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The relationship between divorce and the military

Each year in Alaska, a number of people serving in the military either file for divorce or respond to their spouses' petitions. Military service, while certainly laudable, is associated with a greater likelihood of getting divorced than is civilian life, for a variety of reasons.

People who serve in the military live within a culture that encourages them to mature much more quickly than does civilian culture. Military service members also sometimes marry at young ages, both because being married is encouraged and because the military gives added monetary and financial benefits to service members who are married. This may mean that some people who serve may get married at young ages when they may not have done so if they had not served.

A military member who is in the process of divorce may face stigma from supervisors. Members of the armed forces tend to hold more traditional views of marriage than do members of the population as a whole. According to military rules, people also may end up being court-martialed if they commit adultery. Since some states require people to be legally separated for an extended period before a divorce will be granted, this means that people who file must be celibate in order to comply.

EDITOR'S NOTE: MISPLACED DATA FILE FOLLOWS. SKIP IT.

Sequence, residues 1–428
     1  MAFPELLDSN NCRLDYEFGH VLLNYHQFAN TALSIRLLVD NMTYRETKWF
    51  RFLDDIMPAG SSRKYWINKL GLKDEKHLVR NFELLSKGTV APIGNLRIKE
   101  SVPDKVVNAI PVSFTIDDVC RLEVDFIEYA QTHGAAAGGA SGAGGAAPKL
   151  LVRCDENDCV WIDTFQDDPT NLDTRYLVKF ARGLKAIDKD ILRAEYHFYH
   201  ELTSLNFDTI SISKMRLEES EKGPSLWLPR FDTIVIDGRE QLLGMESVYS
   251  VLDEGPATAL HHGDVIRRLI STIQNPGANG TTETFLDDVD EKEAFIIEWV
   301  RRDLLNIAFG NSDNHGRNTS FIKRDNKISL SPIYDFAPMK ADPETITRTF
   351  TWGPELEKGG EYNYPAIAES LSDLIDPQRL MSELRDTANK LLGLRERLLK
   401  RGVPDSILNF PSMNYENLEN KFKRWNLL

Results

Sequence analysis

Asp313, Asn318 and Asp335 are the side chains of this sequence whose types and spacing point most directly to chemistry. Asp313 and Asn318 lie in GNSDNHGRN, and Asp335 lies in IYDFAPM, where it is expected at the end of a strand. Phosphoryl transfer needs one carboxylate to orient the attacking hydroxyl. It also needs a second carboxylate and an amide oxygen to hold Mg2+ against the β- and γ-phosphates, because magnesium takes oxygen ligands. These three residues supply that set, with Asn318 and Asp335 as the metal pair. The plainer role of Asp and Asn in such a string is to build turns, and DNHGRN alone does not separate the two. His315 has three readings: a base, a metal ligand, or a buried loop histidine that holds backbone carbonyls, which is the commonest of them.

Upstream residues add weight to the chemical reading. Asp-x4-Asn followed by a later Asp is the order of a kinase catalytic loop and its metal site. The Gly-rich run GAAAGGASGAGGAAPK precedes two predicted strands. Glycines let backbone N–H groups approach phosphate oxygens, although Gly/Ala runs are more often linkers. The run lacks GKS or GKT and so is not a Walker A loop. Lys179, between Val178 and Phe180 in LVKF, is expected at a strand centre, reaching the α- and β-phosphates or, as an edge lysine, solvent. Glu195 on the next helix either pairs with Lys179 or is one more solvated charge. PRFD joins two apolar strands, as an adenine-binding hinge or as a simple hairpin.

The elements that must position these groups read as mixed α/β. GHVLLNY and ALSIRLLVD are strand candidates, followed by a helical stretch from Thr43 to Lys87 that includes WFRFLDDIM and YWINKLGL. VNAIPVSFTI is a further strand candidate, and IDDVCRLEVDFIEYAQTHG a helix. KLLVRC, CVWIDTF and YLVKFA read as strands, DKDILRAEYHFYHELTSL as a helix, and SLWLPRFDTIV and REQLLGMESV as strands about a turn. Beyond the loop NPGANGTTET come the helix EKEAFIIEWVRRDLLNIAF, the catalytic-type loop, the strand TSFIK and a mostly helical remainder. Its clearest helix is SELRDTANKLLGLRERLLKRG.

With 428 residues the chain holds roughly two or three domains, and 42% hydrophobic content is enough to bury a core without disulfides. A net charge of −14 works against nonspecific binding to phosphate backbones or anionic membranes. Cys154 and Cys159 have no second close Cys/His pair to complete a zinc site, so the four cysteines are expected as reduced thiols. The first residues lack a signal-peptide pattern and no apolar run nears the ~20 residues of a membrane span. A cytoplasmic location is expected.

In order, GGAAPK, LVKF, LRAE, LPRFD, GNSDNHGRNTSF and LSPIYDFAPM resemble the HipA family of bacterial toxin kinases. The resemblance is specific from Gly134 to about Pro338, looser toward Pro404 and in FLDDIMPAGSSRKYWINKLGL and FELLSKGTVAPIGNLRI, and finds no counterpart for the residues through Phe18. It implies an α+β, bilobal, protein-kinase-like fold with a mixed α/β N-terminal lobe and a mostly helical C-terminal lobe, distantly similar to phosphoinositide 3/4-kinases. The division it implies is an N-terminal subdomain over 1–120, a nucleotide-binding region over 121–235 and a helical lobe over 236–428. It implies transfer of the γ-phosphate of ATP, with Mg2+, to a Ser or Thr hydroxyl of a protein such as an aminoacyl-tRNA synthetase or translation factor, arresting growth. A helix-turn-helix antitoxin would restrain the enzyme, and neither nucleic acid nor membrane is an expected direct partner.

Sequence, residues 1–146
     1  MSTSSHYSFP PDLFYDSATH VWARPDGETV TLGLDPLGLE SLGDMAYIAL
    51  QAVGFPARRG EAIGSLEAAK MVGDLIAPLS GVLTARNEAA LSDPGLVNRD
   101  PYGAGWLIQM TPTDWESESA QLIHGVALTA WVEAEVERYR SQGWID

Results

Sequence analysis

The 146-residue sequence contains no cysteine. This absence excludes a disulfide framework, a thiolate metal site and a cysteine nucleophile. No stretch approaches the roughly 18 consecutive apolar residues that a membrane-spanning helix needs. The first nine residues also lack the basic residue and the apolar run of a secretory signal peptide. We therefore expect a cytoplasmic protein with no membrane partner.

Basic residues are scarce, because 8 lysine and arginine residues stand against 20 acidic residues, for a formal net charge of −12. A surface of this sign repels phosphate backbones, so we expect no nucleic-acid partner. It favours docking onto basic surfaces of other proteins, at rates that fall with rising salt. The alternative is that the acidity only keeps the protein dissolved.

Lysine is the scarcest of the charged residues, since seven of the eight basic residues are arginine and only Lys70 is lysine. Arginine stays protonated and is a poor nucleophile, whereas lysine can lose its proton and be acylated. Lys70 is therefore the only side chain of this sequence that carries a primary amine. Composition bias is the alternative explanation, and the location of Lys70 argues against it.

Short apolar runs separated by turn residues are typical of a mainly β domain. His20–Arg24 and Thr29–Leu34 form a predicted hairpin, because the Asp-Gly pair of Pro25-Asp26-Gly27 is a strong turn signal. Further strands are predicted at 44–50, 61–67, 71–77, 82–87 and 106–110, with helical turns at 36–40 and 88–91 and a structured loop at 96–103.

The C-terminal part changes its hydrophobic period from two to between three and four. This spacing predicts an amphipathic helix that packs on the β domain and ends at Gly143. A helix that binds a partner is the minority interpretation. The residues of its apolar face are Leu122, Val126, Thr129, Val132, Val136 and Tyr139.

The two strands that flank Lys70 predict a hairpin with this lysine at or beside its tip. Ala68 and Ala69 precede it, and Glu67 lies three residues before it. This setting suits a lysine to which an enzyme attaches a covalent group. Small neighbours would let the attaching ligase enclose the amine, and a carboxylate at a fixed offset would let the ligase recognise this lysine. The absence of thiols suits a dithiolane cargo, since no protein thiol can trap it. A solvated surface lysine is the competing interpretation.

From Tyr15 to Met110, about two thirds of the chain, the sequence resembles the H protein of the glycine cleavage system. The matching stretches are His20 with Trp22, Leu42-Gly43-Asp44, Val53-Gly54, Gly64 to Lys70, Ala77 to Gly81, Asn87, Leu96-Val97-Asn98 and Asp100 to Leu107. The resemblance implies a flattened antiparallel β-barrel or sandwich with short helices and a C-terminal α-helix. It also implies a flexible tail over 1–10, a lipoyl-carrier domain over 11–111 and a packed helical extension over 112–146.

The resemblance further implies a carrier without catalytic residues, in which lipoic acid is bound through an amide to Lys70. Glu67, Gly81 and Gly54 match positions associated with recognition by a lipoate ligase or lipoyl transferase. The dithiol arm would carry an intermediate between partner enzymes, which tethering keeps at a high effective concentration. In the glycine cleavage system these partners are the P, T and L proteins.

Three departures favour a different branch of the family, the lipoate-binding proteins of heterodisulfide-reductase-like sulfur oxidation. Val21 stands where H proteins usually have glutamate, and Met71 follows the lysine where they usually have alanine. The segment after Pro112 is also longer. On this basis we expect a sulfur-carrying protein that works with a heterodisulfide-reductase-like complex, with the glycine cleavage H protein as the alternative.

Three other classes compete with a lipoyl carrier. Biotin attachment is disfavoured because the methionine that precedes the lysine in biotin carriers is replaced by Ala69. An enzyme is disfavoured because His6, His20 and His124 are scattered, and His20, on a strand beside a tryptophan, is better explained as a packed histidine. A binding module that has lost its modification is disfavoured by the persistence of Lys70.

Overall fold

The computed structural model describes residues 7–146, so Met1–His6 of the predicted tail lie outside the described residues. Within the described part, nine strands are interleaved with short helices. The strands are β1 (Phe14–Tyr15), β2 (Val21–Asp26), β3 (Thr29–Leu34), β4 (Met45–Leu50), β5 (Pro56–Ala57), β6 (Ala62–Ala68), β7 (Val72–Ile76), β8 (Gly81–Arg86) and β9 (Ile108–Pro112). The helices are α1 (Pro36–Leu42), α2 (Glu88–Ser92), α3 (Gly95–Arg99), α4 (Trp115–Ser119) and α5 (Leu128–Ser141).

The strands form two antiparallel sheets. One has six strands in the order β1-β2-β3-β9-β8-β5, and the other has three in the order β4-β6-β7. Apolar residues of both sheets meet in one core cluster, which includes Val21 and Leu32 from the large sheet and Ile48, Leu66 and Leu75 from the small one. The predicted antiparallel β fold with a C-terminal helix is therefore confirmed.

In addition to all of the other issues faced by people going through military divorces, there are also rules that are specific to divorce within the military itself. Asset division may be more complex, especially with regard to military pensions and other types of benefits. People may want to get help from family law attorneys who have experience with these particular issues.

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